Most of this part of the country makes its money from farming and Petrusburg from what is called “mixed farming” - which explains a preference for sheep farming supplemented with potatoes, maize, corn and sunflowers. The town is well-known for its Aardtapple Fees (Potato Festival) from previous years! Petrusburg is also known for its fine examples of Victorian architecture.
Nearby attractions include a game farm offering game drives and horse riding and the Kalkfontein Dam Nature Reserve offers another escape to the outdoors. Both Kimberley and Bloemfontein offer wonderful attractions for day excursions.
Whether you are staying a night or two or just passing through, the Diamond and Wine Route may be a detour you want to follow. The Route follows the original diamond prospectors through the region and includes open diamond mines at Koffiefontein (diamonds from this mine are sought after world-wide) and the mining village of Jagersfontein, almost directly south of Petrusburg, which boasts an even bigger man-made diamond hole than the Big Hole of Kimberley - also on the route are the wine farms of Landzicht and Wilreza around Jacobsdal.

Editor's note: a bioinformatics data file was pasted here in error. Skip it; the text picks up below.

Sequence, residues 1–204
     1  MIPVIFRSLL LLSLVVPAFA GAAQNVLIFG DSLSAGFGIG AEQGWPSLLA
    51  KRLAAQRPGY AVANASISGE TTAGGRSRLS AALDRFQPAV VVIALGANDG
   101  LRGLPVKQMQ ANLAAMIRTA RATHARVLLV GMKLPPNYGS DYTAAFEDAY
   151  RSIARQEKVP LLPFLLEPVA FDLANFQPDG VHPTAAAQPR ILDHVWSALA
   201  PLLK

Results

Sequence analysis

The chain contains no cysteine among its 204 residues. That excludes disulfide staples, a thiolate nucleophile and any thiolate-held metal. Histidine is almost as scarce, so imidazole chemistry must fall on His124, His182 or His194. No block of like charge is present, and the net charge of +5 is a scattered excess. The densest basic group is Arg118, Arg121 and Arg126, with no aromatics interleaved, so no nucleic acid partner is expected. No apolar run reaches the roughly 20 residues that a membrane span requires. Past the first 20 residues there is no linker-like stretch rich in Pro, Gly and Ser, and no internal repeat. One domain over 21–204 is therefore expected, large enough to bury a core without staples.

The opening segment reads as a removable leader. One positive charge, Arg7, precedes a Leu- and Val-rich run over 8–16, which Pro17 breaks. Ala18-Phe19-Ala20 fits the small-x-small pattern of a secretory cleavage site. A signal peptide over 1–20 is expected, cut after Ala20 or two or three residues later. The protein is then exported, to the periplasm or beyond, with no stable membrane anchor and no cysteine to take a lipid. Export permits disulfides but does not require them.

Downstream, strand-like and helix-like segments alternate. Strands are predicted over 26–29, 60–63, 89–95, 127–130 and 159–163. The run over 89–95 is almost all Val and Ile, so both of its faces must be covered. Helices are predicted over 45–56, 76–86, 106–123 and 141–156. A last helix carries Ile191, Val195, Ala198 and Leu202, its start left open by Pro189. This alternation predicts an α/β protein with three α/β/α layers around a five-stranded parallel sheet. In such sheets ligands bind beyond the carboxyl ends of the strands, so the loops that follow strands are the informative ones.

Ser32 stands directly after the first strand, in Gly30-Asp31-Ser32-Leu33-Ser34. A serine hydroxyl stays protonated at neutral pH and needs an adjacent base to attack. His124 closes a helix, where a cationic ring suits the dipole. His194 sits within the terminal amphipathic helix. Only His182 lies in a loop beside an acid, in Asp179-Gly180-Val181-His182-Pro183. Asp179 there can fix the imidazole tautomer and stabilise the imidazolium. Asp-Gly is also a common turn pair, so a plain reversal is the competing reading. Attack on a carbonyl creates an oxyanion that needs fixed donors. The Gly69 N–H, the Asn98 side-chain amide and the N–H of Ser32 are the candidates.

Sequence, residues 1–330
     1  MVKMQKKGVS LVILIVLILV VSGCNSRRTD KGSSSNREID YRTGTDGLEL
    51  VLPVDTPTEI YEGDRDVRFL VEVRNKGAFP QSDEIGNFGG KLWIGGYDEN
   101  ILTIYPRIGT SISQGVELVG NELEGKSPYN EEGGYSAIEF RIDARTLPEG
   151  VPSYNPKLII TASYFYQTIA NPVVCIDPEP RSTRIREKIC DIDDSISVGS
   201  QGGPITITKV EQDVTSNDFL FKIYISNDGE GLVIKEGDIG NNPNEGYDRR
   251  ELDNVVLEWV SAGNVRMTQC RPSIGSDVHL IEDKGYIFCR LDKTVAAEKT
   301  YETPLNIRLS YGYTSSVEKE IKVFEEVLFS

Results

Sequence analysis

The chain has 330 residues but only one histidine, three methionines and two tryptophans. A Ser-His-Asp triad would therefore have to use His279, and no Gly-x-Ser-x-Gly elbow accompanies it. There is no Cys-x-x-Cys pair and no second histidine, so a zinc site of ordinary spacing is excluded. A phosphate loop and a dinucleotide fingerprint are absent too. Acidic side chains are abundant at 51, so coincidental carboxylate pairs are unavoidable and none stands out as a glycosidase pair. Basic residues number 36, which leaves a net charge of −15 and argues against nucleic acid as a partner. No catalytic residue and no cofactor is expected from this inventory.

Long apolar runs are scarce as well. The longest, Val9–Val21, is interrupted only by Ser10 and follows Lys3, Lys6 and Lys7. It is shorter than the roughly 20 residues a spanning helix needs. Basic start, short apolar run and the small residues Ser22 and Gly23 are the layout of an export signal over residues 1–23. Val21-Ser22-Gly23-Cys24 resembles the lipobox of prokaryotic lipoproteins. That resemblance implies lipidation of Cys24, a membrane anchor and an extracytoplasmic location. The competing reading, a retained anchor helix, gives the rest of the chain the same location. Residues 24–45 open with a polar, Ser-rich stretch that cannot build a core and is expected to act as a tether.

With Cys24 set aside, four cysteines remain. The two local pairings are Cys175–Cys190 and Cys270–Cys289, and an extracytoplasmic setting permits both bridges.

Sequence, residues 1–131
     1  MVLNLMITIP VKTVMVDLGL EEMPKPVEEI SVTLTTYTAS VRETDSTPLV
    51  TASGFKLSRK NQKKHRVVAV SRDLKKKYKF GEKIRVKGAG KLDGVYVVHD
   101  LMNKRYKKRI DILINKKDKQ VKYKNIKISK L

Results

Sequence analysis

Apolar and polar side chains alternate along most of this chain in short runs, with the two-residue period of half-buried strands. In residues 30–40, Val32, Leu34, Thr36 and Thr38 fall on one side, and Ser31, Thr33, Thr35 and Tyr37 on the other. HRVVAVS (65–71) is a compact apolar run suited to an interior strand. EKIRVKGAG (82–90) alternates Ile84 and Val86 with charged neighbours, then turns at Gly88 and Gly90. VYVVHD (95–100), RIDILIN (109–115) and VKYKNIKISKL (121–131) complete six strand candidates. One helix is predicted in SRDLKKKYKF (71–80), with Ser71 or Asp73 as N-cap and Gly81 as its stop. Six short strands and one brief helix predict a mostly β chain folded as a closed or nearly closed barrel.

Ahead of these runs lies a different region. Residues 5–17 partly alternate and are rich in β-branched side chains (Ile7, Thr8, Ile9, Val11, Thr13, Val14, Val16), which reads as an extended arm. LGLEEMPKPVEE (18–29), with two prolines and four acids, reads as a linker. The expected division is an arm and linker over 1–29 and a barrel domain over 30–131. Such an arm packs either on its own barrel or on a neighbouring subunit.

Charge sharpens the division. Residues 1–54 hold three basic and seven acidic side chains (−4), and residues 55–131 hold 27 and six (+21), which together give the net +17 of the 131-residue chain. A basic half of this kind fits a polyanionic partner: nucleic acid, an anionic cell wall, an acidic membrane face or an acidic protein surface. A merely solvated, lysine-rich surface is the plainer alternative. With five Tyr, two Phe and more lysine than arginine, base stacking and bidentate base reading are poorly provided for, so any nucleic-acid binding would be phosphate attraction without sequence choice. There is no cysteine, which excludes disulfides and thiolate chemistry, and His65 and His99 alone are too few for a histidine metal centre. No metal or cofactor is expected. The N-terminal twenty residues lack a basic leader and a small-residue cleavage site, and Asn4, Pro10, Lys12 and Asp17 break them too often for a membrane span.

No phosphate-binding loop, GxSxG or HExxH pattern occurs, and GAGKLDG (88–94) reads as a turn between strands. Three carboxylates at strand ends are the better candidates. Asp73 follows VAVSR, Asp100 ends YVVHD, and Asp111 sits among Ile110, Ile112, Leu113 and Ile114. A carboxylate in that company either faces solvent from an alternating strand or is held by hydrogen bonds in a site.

Petrusburg has comfortable accommodation which includes Guesthouses and B&B’s.
Things to do and see
- Petrusburg NG Kerk
- Diamond and Wine Route
- Kandiri Game Lodge
- Kalkfontein Dam
Petrusburg receives approximately 432 mm of rain annually with most rainfall occurring during the Summer months.
Summer months, November to March will have average temperatures of between 15˚C and 32˚C.
Winter months, May to August will have average temperatures of between -1˚C and 20˚C.
There are daily domestic and international flights into Kimberley Airport approximately 77 km away and into Bloemfontein’s Bram Fischer Airport approximately 81 km’s away via the N8. Car rental companies are available for easy access around the area.
The town was originally started on a farm close to Emmaus, a railway station on the line between Bloemfontein and Kimberley and the foundations can still be seen, but due to a shortage of water there, they had to move to the present location where a strong fountain was running. The water was in such abundance that the first houses were supplied with free running water.
Petrusburg was named after Petrus Albertus Venter on whose farm ‘Diepfontein’ or 'Deep Fountain' it was built.
The town started out as a Dutch Reformed Church in 1891 and served the farms in the area.
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